I had been waxing lyrical about raclette for most of the trip and we had decided to have some on the last night in Switzerland. A quintessentially Swiss meal, we were pleased to discover that the nearby restaurant had the special machine for melting the cheese. While it was an expensive meal, we all felt it was worth it to experience the true taste of Switzerland!
Our final day in Switzerland dawned and we packed up the camp. There was one thing left for us to do in Valais - we hiked up to Lac Bleu, a popular local beauty spot named for the characteristic glacial lake colour. Needless to say, we went for a swim in the near-freezing water!
It was now time to begin the journey home and we set off down to the valley. We already knew we would have to break the journey and it was a nice day so we made a stop at the beach in Villeneuve, where we spent an enjoyable afternoon!
It was eventually time for the driving to properly begin. On Andy's advice, we headed back via a different route: leaving Switzerland via Basel. This involved a pleasant drive through northern Switzerland via Bern - it was nice to see a different part of the country and I had the opportunity to put my German to the test! We drove for a little while in France before stopping for the night at an aire in the Alsace region.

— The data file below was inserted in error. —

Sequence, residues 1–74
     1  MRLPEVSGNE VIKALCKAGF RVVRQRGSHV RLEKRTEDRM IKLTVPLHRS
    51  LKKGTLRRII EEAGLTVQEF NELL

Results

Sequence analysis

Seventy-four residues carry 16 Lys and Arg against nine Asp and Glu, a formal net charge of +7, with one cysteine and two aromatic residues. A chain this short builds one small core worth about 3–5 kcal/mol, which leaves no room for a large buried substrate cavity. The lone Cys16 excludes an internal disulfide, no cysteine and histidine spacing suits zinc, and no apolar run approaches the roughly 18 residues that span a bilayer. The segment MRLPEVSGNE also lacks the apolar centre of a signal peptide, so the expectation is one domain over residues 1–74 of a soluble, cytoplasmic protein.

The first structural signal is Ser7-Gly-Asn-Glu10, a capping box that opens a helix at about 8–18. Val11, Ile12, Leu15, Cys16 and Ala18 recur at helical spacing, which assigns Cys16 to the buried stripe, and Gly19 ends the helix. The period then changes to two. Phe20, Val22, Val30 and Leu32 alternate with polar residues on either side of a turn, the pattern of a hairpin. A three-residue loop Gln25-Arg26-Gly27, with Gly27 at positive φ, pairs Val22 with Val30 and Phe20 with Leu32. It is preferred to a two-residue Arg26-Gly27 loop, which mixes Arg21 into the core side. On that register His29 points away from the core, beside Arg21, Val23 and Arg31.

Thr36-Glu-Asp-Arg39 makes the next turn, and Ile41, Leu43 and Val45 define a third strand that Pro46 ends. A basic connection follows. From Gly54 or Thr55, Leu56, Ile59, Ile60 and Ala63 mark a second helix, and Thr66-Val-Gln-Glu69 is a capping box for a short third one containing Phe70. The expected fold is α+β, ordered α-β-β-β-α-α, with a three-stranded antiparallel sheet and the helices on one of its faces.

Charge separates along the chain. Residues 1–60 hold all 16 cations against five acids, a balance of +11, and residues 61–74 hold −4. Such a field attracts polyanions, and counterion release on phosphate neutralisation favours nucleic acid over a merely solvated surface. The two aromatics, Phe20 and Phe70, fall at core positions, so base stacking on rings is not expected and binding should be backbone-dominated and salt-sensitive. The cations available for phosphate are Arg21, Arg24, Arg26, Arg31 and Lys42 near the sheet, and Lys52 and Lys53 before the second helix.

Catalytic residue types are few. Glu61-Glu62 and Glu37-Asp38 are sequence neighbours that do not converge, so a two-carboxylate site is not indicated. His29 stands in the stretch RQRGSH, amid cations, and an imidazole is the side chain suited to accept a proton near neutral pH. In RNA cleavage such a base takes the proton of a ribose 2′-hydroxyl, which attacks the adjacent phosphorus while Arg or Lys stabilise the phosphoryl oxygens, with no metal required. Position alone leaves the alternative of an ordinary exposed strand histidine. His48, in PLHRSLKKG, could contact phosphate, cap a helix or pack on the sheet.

Jake in front of Strasbourg Cathedral
After a stormy night (at one point we had the sunroof open which resulted in a rude awakening!) we set off again aiming for Calais. We had quite a lot of time, so decided to stop off for a look around Strasbourg as we were nearby - it's a fascinating city and can definitely recommend a visit!
After passing Metz we spent a brief time in Luxembourg, where I took advantage of their low fuel prices! After a quick lunch in Belgium we were passing Bruxelles and heading for the coast. Unfortunately, being Sunday, the French shop opening hours scuppered my plans for filling the car with cheap plonk, so we made our way to the ferry terminal where we managed to catch an earlier ferry than planned, finally returning to Birmingham at around 11pm on Sunday 21st July 2019.
Overall the trip was a fantastic experience. On behalf of Jake and Lottie I would like to extend my gratitude to the MAM for their support. It was the first time climbing in the Alps for all of us and we learned a huge amount from Andy and each other. I, for one, will certainly be back and feel that I have the skills needed to travel safely around the mountains, book huts and organise accomodation and travel. I would like to finish by encouraging anyone who is interested to consider taking up the sport of mountaineering - it is a true adventure and, from my first time up Helvellyn in 2010 to my 2019 ascent of Pigne d'Arolla, has provided some of the richest experiences of my life.